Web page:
Indonesia Executions: Spotlight on Australian Federal Police

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Indonesia Executions: Spotlight on Australian Federal Police

Australian parliament plans an inquiry into the AFP’s role in the fates of Andrew Chan and Myuran Sukumaran.

Indonesia Executions: Spotlight on Australian Federal Police
Credit: REUTERS/Jason Reed

The fallout from last week’s executions of convicted drug traffickers Andrew Chan and Myuran Sukumaran continues. Although relations between Australia and Indonesia are still strained, with the recall of the Australian ambassador, the most intractable problem may not be bilateral ties but domestic issues centering on police conduct.

A decade after the arrests in Bali of Chan, Sukumaran, and the other seven members of the so-called Bali 9, questions about the initial handling of the case by the Australian Federal Police (AFP) persist. In the wake of the executions on Wednesday morning, critics like barrister Bob Myers have attacked the AFP, charging that the agency may be ultimately responsible for the deaths.

The problem is that the agency informed Indonesian police of the actions of the Bali 9, with full knowledge that Indonesia could impose the death penalty for drug trafficking. A parliamentary inquiry into the matter will be held in coming weeks, according to Australian media.

Myers has been involved with the case from the beginning, as it was he who tipped off the AFP about one member of the group, Scott Rush, at the behest of the 19-year-old’s father, who was a friend. Myers said he asked the agency to stop Rush, or at least warn the teenager, while on the way to Bali from Australia. The agency denies it ever agreed to do this. Instead, that day they wrote to the Indonesian police asking them to gather intelligence on the group and take what actions they saw as appropriate. Later, the AFP tipped off their Indonesian counterparts, alerting them to the nine’s flight plans from Bali’s Denpasar to Australia. The rest is well known. The would-be smugglers were searched and heroin was found. Soon after that a very public trial began.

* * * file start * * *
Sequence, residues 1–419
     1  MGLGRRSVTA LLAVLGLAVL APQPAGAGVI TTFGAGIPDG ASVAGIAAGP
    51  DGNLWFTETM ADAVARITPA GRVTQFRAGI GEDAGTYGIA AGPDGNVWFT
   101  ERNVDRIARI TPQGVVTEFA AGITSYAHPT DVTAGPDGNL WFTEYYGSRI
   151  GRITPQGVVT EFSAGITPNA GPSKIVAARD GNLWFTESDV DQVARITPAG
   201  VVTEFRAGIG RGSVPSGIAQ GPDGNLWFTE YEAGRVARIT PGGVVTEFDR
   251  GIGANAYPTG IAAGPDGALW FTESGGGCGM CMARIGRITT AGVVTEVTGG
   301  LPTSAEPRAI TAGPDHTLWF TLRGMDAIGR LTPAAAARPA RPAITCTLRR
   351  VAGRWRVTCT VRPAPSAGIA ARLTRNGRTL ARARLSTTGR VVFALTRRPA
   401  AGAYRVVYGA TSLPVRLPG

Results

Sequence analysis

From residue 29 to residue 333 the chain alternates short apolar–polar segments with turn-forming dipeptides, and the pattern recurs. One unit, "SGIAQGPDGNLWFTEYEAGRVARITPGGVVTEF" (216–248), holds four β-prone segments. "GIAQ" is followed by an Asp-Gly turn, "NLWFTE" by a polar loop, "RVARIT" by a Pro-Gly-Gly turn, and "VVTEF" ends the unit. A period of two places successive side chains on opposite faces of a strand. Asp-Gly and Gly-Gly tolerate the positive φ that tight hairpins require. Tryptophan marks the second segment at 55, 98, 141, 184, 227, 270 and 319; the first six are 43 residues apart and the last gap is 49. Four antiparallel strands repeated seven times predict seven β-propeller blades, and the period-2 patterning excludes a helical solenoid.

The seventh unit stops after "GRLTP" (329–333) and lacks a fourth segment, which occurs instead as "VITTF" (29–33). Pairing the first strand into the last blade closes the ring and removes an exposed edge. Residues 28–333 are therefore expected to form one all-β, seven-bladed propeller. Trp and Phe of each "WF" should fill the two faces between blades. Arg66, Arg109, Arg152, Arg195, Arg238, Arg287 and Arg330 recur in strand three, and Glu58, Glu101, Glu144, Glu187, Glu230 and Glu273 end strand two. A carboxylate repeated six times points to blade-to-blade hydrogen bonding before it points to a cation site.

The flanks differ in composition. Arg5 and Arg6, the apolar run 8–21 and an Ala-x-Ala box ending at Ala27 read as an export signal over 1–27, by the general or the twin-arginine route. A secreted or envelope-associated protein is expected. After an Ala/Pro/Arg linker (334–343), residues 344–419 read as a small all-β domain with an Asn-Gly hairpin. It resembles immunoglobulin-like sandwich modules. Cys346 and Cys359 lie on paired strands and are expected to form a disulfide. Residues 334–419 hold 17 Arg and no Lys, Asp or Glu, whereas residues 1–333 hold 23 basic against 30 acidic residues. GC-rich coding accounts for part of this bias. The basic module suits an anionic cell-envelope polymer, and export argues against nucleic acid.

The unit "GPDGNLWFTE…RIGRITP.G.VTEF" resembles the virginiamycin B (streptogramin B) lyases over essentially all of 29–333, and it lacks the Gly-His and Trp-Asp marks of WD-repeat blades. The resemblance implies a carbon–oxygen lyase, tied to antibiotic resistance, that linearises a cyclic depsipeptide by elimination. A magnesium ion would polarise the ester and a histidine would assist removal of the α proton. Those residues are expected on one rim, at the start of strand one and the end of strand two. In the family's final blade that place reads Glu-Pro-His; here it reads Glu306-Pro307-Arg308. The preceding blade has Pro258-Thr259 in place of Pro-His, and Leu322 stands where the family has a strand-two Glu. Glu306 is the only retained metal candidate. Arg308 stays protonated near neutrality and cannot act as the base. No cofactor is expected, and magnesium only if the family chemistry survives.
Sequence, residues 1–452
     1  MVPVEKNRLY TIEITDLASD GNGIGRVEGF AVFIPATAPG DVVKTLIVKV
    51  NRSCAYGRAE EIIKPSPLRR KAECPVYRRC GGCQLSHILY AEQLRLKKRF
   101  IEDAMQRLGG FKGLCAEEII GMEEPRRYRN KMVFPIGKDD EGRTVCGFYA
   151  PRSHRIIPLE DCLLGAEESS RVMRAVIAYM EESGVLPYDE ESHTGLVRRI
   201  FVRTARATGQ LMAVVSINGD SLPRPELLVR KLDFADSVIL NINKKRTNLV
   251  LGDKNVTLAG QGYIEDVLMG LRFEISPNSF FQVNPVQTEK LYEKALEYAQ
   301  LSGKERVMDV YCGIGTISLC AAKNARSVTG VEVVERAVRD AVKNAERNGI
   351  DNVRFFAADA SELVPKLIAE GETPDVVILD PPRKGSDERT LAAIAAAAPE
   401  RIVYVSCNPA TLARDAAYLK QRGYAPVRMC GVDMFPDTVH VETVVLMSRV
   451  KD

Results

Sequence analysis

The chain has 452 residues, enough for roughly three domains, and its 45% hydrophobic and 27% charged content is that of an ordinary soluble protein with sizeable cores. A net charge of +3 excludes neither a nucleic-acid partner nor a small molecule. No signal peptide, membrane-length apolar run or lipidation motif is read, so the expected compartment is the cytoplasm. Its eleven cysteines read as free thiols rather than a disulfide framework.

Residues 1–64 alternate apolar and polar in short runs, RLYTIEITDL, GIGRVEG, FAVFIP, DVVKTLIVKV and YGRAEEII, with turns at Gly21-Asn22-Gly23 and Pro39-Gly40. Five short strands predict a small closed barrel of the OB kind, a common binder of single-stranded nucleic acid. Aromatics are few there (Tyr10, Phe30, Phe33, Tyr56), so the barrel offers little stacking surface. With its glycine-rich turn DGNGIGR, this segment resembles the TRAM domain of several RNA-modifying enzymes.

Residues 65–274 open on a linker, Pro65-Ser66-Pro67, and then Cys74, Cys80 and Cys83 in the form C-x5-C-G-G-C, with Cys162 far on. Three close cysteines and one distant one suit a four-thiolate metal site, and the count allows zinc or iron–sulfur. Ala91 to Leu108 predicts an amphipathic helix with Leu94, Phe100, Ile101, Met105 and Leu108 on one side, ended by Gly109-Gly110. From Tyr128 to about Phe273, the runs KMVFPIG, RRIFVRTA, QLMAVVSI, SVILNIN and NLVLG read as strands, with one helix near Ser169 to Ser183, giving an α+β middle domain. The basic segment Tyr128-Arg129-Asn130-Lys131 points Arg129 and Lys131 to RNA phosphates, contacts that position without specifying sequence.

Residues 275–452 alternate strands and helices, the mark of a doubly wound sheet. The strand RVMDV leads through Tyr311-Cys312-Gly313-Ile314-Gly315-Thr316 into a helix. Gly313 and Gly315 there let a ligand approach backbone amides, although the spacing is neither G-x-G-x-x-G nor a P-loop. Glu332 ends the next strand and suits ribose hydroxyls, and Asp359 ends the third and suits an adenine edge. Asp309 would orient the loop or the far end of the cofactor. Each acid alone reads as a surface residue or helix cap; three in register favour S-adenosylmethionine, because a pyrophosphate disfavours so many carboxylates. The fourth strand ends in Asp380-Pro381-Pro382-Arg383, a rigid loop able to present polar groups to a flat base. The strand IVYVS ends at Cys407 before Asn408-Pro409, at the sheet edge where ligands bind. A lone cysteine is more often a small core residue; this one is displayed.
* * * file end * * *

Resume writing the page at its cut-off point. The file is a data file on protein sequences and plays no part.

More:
Ever since these details were revealed there has been one question: Why do this when under Indonesian law those caught trafficking drugs face the death penalty? Even now, there is no real answer despite the legion of investigative news reports, questions in parliament, and allegations by anti-death penalty activists. There will apparently be a Senate hearing this month after the budget is announced.

Clive Palmer, leader of the Palmer United Party, is planning to introduce a private member’s bill along with Victorian independent Member of Parliament Cathy McGowan to the lower house that would see any official who discloses information that could bring about the execution of Australians overseas facing jail sentences ranging from one to 15 years.

Former Minister for Justice and Customs Chris Ellison, in power when the nine young people were arrested at Denpasar Airport, said that the agency was operating under its guidelines for cooperating with international law enforcement bodies. “If it had allowed the transaction to happen in Indonesia that could well have damaged relations as well.”

Myers has spoken out after the executions, calling it a “black day” for the AFP. “They deliberately exposed nine Australians to the death penalty.”

The day the two were executed, The Australian wrote that the Justice Minister Michael Keenan in 2014 scrapped what the newspaper calls a “specific requirement” that the agency “take account of the government’s longstanding opposition to the application of the death penalty in performing its international liaison functions.”

Labor minister David Feeney, who is the Opposition Justice spokesman, wrote to his Liberal counterpart Michael Keenan asking him to reinstate the key reference and asked why no explanation for its dropping has been forthcoming. Foreign Minister Julie Bishop has attacked Labor for trying to score cheap political points.

Though Keenan did not explain he did say, among other things, ““It is vitally important that we continue to co-operate with our law enforcement partners including Indonesia throughout the region. The reason we do that is because it keeps Australia safe… We do have very strict guidelines about dealing with information in relation to death penalty cases.”

The specific death penalty requirement was brought in in 2009 under former Australian Prime Minister Kevin Rudd to further ensure more Australians would not be unnecessarily exposed to the risk of execution.

Helen Clark was based in Hanoi for six years as a reporter and magazine editor. She has written for two dozen publications including The Diplomat (as Bridget O’Flaherty), TimeThe Economist, the Asia Times Online and the Australian Associated Press